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Friday, January 17, 2020

Stolen Art Watch, "Victory is mine, victory is mine, great day in the morning, people, victory is mine ... I drink from the keg of glory, Turbo. Bring me the finest muffins and bagels in all the land"



Dutch art sleuth finds rare stolen copy of 'Prince of Persian poets'

A stolen 15th-century book by the famed Persian poet Hafez has been recovered by a Dutch art detective after an international "race against time" that drew the alleged interest of Iran's secret service.
The gold-leafed volume worth around one million euros ($1.1 million) was found to be missing from the collection of an Iranian antiques dealer after his death in Germany in 2007.
It sparked a decade-long search for one of the oldest surviving copies of the "Divan of Hafez" -- the collected works of the poet who remains extremely popular in Iran and has inspired artists worldwide.
But Arthur Brand, dubbed the "Indiana Jones of the Art World" for tracing a series of lost works, finally tracked down the tome via the murky stolen arts underworld.
"This is a hugely important find for me, because this is such an important book," Brand said as he showed AFP the recovered book at an Amsterdam apartment.
Along with Rumi, Hafez -- full name Shams al-Din Muhammad Hafiz Shirazi -- is one of the best known mystical bards. American essayist Ralph Waldo Emerson called him the "Prince of Persian poets".
Hafez's Divan can still be found in most Iranian homes where it is traditionally read out during family celebrations for the Persian New Year.
- 'Scared and threatened' -
The theft of the manuscript, which dates from 1462 to 1463, was discovered by the family of book dealer Djafar Ghazy after he died in an old people's home in Munich in 2007.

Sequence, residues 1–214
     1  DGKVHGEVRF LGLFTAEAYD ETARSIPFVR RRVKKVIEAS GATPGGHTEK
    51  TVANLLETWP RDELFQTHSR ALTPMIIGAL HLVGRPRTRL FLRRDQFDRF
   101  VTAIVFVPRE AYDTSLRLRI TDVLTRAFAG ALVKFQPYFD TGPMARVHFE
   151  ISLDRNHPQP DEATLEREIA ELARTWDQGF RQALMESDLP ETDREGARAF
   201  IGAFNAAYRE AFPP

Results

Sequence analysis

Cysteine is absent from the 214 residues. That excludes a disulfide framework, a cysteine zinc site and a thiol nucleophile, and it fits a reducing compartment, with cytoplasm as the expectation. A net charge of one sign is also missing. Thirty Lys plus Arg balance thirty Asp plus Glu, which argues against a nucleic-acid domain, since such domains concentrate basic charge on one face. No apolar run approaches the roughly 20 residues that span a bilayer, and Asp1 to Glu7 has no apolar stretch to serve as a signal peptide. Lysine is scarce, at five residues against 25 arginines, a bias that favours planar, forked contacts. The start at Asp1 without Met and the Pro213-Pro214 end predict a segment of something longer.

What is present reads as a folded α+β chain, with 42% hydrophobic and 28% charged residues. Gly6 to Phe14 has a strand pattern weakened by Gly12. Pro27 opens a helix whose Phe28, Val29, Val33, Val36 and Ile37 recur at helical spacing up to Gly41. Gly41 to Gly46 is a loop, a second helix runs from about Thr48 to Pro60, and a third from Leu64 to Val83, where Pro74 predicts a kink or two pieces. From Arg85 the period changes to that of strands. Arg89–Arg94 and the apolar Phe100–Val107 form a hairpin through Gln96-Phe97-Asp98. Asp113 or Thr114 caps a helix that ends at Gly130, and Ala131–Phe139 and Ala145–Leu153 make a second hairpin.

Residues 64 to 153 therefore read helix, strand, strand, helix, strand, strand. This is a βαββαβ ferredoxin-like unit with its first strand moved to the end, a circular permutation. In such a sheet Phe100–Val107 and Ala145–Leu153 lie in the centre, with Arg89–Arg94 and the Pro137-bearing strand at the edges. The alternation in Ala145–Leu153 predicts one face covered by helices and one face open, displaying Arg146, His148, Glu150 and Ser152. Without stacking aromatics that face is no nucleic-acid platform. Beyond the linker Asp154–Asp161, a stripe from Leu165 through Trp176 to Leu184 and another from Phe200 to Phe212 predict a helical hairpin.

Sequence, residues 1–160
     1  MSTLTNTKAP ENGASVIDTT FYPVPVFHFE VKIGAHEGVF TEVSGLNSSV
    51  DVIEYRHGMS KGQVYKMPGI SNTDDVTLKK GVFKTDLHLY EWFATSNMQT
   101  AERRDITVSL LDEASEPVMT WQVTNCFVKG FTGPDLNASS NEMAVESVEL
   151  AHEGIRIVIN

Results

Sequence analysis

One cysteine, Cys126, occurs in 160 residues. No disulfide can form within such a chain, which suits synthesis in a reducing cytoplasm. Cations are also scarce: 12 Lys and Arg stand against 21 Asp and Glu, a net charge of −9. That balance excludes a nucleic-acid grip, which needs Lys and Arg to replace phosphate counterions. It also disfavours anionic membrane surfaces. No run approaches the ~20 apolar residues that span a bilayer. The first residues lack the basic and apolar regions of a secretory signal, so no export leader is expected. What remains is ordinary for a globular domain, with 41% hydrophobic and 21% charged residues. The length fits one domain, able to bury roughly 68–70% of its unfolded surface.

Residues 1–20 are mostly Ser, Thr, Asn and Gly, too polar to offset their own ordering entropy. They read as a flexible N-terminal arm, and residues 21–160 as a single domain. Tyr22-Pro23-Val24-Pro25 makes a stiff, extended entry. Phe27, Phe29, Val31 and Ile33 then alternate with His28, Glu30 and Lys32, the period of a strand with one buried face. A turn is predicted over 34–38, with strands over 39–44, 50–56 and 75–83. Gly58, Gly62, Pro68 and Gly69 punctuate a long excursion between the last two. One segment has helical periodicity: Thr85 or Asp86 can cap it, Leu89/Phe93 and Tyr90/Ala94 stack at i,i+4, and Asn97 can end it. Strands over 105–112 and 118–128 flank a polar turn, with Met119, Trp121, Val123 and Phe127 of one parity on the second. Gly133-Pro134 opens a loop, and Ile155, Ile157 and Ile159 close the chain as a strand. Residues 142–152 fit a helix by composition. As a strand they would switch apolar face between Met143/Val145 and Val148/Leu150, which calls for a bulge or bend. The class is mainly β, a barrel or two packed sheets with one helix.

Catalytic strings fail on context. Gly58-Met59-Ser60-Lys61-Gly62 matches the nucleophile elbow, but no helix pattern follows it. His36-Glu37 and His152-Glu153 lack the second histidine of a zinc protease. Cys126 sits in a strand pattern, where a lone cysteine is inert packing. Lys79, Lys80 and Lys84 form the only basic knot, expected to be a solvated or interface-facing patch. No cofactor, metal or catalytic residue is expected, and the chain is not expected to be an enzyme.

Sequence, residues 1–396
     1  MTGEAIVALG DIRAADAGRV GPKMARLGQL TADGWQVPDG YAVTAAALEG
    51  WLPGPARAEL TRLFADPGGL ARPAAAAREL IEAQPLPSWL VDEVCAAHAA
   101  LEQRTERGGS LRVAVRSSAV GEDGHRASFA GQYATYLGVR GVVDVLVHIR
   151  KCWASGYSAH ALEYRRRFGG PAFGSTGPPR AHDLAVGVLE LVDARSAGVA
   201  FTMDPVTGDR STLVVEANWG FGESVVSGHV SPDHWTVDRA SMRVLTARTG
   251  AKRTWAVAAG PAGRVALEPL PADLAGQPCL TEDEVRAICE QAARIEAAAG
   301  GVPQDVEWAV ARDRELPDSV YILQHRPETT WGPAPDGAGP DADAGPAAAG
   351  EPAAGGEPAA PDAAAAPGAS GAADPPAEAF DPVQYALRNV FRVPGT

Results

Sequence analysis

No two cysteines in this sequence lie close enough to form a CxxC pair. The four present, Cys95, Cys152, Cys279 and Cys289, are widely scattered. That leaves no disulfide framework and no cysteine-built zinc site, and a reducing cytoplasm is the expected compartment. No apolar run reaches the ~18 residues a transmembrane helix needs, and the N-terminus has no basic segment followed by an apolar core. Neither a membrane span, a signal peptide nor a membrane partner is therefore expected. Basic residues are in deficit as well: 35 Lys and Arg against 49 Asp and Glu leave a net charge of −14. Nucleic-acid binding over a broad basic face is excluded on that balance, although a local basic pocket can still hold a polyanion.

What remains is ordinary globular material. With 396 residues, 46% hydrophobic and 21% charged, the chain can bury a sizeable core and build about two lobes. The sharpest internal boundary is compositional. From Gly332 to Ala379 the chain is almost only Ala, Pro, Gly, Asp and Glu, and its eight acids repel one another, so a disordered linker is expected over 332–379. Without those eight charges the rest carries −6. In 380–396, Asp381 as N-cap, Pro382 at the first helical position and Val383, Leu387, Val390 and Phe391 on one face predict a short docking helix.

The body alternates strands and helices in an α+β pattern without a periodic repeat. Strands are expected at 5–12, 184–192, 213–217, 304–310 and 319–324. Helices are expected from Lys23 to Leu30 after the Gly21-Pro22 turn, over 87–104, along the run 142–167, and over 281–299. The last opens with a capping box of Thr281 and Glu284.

While going through Ghazy's computer, they realised the reclusive pensioner had in fact collected hundreds of ancient manuscripts -- but that they were all gone.
In 2011 German police recovered 174 of them raiding the home of another Iranian pensioner who had befriended Ghazy.
"But the most important piece, one of the earliest and most accurate copies of the famous 'Divan of Hafez', was still missing," said Brand.
German police announced a 50,000-euro reward and issued a flyer describing the book in 2016 but there was still no trace of it, until late 2018.
Brand then received a phone call from an Iranian dealer, asking the Dutchman to "urgently" meet him in Germany.
"The man told me he was visited by two officials who said they were 'linked to the Iranian embassy'." The men -- alleged by the dealer to be Iranian secret agents -- told him to "report any news of the missing Divan", Brand said.
"My informant was clearly scared, felt threatened and decided to call me into the case," Brand told AFP.
Iran had already shown an interest in the case, saying it would take "all legal means" to get back the manuscripts that were found in 2011, after Germany gave two back but decided most of the rest were legally owned by the collector, German news reports said.
"After my informant was contacted, I knew that the Iran was also looking for the missing Divan and I started a race against time to see if I could find it first, as the book belonged to Ghazy's family," Brand said.
- 'Rare and valuable' -
The Dutchman then flew to London to meet an unnamed man "who became extremely nervous" when shown the flyer of the missing book, and confessed he had seen it as a friend of his had sold it to a major buyer.
By then Iranian agents were also in London asking questions about the manuscript, Brand said.
"The buyer was shocked and furious. After all, he was sold a stolen book and now everybody including the Iranian government was looking for it," Brand said.
By now afraid, the buyer flew to Paris to demand his money back from the original seller.
But Brand persuaded him to go back to London and finally the collector handed over the book via an intermediary in late 2019.
Brand said he will travel to Munich next Wednesday to return the Divan to German police.
"The next steps are currently being discussed together with the heirs" of Ghazy, police spokesman Ludwig Waldinger told AFP.
Experts said this edition could be of great historical and literary value for scholars and admirers of Hafez, whose works were published after his death.